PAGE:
In February, in Bridgetown, Barbados, Rovman Powell lit up the third Twenty20 International (T20I) of the West Indies/England five-match series by pummelling a raucous century. His eventual 107 was made off just 53 deliveries and contained 10 sixes and four fours. His onslaught led his side to 224 and largely killed whatever hope England had of winning the game.
Batting at four, the Jamaican right-hander joined the fray in the sixth over, struck his second delivery for six, and proceeded to play as brutal an innings as one could hope to witness. His century that day made him the third West Indies batter, after Chris Gayle and Evin Lewis, to reach triple figures in T20Is.
In and out of the side leading up to that game, that innings solidified his position on the side, provided evidence that Powell was in prime ball-striking form, and gave notice that he had a capacity for mayhem that only very few players could muster.
Powell’s earlier performance during the Abu Dhabi Ten10 (T10) League that preceded the England series was outstanding. As a result, he had great confidence in his form and ability. “I told the guys,” he said during a post-game interview, “that I’m sure I’m hitting the ball amongst the best in the world at the moment.”
Considering the high quality of the great ball-strikers in the game, this was a strong claim. But going by the evidence just unveiled, it was also true. Afforded the opportunity to bat higher in the order than usual, he made full use of it and showed the kind of match winner he could be, if given enough deliveries to face.
One would have thought then, that the authorities at the Delhi Capitals, the Indian Premier League (IPL) side that Powell represents, would have seen him as one of their trump cards. Instead, they seemed to view him as a “finisher”, one of those big-hitting batters whose role, in the main, is to strike sixes to close out an innings.
Luckily for the Capitals, their Captain Rishabh Pant had the good sense to recognise Powell’s potential and sought his opinion on how to best utilise his abilities. “I had a conversation with Rishabh,” Powell revealed. “He came to my room and asked me where I want to bat. I said, ‘Just trust me. I want to bat at number five.’ ”
Powell took a while to get going, but recently strung together a number of strong performances. In his most recent game against Sunrisers Hyderabad, he struck 67 off 35 deliveries, helping his team to a formidable 207/3, and, in the process, helped to shelve the box in which he and a number of other “power hitters” were placed.
Former West Indies fast bowler Ian Bishop is one of the games foremost thinkers. Not surprisingly, therefore, he is irked by the pigeonholing of certain players. He tweeted this after Powell’s innings: “I don’t know who wins this game. Rovman Powell preached the truth about some of these players pigeonholed as finishers. Give them the chance to bat higher. Trust them for a few games and they will advance an innings better than most. Miller, Pollard, Russell, Hetmyer, etc.”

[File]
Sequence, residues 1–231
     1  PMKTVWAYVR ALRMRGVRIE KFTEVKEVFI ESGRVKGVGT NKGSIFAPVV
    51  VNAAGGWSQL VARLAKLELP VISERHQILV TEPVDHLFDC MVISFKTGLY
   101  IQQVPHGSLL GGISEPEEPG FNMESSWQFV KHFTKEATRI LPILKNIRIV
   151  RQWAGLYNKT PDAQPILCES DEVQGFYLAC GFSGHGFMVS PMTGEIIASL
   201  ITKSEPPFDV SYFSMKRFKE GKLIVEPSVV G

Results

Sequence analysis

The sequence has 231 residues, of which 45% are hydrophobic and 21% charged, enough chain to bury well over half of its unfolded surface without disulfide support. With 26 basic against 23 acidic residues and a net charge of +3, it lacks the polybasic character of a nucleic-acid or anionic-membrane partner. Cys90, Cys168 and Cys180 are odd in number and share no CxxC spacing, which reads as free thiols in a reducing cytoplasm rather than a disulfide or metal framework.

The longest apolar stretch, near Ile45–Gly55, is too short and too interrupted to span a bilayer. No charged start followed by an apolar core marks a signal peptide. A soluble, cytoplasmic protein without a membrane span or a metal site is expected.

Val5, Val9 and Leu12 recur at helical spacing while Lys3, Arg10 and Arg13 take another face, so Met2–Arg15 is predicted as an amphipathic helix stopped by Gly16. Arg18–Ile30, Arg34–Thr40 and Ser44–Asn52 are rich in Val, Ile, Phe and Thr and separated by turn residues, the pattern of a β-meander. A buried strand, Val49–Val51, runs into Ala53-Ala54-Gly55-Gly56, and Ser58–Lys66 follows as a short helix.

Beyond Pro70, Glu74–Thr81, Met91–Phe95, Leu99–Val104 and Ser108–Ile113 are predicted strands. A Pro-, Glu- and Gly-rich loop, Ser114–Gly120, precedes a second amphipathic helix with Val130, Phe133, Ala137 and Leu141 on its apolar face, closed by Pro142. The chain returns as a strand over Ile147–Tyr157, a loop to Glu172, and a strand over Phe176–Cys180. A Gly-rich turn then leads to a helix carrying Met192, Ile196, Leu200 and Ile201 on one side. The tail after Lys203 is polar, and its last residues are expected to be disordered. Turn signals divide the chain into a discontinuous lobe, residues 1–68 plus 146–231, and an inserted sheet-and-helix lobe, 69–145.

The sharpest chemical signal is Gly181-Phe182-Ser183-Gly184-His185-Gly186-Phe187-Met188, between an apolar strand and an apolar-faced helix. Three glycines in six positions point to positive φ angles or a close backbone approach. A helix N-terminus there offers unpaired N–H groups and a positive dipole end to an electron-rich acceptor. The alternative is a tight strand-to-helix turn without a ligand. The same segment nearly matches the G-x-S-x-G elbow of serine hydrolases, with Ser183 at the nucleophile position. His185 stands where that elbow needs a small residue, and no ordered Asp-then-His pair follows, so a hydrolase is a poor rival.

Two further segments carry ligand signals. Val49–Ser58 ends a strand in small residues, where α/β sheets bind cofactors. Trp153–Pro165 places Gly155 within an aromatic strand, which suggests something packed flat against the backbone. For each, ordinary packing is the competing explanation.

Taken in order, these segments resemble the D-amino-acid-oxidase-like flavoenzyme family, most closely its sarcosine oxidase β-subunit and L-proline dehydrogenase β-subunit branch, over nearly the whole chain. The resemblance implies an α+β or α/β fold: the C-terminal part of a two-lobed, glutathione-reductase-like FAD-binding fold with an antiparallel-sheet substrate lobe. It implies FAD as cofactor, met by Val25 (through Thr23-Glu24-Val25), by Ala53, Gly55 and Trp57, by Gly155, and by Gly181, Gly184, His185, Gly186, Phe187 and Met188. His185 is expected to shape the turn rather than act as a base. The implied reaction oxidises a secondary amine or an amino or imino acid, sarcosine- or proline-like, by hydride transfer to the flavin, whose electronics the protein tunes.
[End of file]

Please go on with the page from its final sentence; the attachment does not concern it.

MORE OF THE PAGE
This should not be seen as anything close to a radical idea. Logically, the better ball-strikers will score more runs the longer they stay in the middle. Allow them more time to find comfort at the crease and it should pay off in the end. In a game that lasts only 20 overs, it seems advisable to allow the quickest scorers to face the most deliveries.
That is not to say there is no role for the steady, adhesive batter. A team could be forced into rebuilding the inning after losing early wickets or the batting surface could require that players exercise care. But there is nothing that says the explosive player cannot also be one capable of summoning a solid defence.
Not that long ago there was some talk of the need for teams to field a so-called anchor in their line-up. Such a player, it was argued, would bat time and hold the inning together while the power hitter did his business at the other end. West Indies batsman Roston Chase was even expected to fill such a role at the last T20 World Cup: “I see myself playing a similar role [as Marlon Samuels did],” he offered during a press conference before the World Cup. “It’s the role I played for the St Lucia franchise [in the Caribbean Premier League] for the last two years — come in most likely just after the Powerplay, knock it around, pick up the ones and twos, and get the occasional boundary when the ball is in my area.”
“It’s an easier role for me; I like that role. With the power-hitting guys that we have in this team, my role should be just to really give them the strike and let them do their thing.”
The idea made little sense, and it’s a good thing that kind of talk has mostly died down.
Marlon Samuels did indeed hold the batting together in both finals. What isn’t mentioned, however, is that Samuels was also a talented and deceptively powerful striker of the ball who took apart the man who was likely the most difficult limited-overs bowler in the game during the 2012 finals, Sri Lankan fast bowler Lasith Malinga.
Additionally, why should there be an anchor in a game lasting 20 overs where the aim is to score as many runs as quickly as possible?
The rational idea should be to allow the best, most powerful hitters in the game to have as much of the strike as possible. Batters of the ilk of Powell, Miller, and Hetmyer are good, match-winning players who should be trusted to face the bulk of the bowling.
Garfield Robinson is a Jamaican living in the US who writes on cricket for a few Indian and English publications. Send comments to the Jamaica Observer or firstname.lastname@example.org.